SALINE, Michigan — Business in the Community, an organization working to “shape a new contract between business and society,” held its annual Responsible Business Week earlier this year in April, bringing together major businesses from around the globe to discuss ways in which they are making a difference in their communities.
In their own words, Responsible Business Week “aims to inspire and equip businesses to do more to meet the world’s most pressing challenges. In doing so, they will unlock innovation and opportunity and demonstrate the positive impact of business in society.”
This year, many of the discussions were centered on finding ways to increase the involvement of businesses in disaster relief.
One of these panels focused on the challenges NGOs face when partnering with businesses during disasters. Businesses are often eager and willing to help but don’t offer their services until the moment a disaster strikes, which can be too late.
Working together with organizations for the long-term in preparation of future tragedies, however, will create successful partnerships, the panel found. This allows the proper time for businesses to create relationships with humanitarian organizations so that, when the time for help comes, neither side is scrambling to understand how the other works.
Because businesses and NGOs function very differently, figuring out how to work together to help people in need across the globe takes time. Therefore, long-term partnerships with humanitarian NGOs were seen as necessary for businesses to be successful in disaster relief.
Another panel discussed the need for businesses to diversify their assistance to maximize the benefits that recovering people receive. Often, high-profile businesses will react to disasters by donating large sums of money to humanitarian organizations. While these donations certainly do help, businesses have a much larger potential to help by offering applicable services.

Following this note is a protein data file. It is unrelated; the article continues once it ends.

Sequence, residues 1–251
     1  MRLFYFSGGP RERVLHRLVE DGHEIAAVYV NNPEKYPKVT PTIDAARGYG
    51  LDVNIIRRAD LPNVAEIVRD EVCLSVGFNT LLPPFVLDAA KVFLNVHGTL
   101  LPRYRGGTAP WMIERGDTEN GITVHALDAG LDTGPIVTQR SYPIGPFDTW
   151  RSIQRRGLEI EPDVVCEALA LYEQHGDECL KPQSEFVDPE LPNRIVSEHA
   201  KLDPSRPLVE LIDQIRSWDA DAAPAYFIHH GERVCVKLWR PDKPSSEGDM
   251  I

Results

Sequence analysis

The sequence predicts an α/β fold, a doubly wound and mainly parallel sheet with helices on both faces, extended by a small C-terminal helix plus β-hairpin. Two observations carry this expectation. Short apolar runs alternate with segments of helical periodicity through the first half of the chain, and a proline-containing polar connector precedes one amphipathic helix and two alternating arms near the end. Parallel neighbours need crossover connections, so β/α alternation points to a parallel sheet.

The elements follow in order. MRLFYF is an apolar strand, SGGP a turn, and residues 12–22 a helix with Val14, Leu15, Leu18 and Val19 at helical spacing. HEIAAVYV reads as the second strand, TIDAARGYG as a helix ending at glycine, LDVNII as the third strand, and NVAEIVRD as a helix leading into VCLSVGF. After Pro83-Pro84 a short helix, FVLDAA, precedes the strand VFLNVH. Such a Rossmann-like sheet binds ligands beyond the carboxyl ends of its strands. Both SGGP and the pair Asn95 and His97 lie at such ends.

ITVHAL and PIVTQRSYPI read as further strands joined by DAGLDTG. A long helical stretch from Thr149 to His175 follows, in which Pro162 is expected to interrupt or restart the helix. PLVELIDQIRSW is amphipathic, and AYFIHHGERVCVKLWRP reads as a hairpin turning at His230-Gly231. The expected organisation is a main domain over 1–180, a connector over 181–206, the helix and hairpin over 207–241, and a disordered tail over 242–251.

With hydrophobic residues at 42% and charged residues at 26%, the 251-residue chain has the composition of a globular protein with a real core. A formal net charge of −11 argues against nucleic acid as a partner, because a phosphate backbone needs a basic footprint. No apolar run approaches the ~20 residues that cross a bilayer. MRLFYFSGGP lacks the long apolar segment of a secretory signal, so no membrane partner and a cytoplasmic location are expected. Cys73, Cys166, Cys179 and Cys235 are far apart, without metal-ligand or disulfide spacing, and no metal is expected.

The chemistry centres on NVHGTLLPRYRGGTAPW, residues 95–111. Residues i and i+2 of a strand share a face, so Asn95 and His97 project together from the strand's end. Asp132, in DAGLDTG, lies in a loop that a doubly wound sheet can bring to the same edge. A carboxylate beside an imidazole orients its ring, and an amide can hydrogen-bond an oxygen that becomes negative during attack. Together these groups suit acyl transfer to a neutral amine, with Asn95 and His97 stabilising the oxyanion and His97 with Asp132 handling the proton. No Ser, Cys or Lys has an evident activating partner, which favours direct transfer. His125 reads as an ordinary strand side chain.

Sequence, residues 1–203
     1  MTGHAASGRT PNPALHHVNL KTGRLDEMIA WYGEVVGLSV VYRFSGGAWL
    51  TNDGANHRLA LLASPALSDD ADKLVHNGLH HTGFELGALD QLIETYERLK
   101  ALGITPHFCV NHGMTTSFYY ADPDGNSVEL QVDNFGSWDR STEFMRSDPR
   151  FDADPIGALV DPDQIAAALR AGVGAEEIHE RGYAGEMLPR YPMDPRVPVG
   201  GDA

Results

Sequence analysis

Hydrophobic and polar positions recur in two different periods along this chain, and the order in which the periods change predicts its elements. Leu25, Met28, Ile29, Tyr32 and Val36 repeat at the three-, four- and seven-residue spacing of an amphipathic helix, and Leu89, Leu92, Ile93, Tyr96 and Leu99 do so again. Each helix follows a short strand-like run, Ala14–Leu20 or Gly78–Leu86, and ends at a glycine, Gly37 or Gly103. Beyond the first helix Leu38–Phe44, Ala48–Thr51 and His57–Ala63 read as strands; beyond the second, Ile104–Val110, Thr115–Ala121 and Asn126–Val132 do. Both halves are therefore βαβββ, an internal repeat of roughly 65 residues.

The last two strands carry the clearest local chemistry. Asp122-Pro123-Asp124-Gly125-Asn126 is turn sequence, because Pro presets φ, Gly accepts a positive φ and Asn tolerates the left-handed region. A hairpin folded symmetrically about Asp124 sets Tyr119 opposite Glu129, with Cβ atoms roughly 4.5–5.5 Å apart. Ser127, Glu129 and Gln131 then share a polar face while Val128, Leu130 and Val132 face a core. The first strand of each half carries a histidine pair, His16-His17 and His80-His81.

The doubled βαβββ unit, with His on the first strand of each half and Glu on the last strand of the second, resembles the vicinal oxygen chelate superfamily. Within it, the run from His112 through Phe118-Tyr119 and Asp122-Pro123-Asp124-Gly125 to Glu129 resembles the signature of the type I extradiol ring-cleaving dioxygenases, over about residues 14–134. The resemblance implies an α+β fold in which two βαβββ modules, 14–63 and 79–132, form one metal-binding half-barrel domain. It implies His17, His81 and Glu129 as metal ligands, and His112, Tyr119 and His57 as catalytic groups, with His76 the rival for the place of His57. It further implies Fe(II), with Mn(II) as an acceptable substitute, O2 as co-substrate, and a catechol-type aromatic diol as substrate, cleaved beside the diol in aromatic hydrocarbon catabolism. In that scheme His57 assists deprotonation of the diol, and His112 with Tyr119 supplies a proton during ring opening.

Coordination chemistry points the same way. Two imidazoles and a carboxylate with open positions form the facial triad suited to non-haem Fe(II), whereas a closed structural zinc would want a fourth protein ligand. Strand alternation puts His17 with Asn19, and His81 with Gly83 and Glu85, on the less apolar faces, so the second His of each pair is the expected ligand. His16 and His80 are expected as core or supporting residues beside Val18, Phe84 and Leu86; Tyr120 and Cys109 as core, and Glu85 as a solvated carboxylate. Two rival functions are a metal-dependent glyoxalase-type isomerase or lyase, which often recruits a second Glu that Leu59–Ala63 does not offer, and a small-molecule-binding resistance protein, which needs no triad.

For example, a construction business may be able help communities recovering from natural disasters by giving its employees the opportunity to travel to where disasters strike to help rebuild infrastructure. More likely than not, the most skilled construction workers will come from high-profile businesses rather than from NGOs whose pool of volunteers, while well-intentioned, often lack formal skills.
Businesses, in all different sectors, have employees with very valuable skills that could easily contribute to disaster relief. This kind of aid from businesses, however, is rare. The panel found a lack of communication to be behind this, and they called for disaster relief NGOs to be clearer about what kinds of aid from businesses would be most helpful rather than waiting for businesses to come to them.
This year’s Responsible Business Week created progress in the field of disaster relief. Participating businesses learned how to create successful relationships with humanitarian nonprofits as well as how they can best help during disasters.
The obstacles that businesses have faced in the disaster relief sector, the panels found, have often stemmed from a lack of proper communication between NGOs and businesses. Thankfully, these discussions are a step forward. Ideally, businesses will be able to take what they have learned from these sessions to work more harmoniously with nonprofits to aid communities struggling from the impacts of disasters.
– Emily Jablonski
Sources: BITC 1, BITC 2, Business Fights Poverty
Photo: Ace Show Biz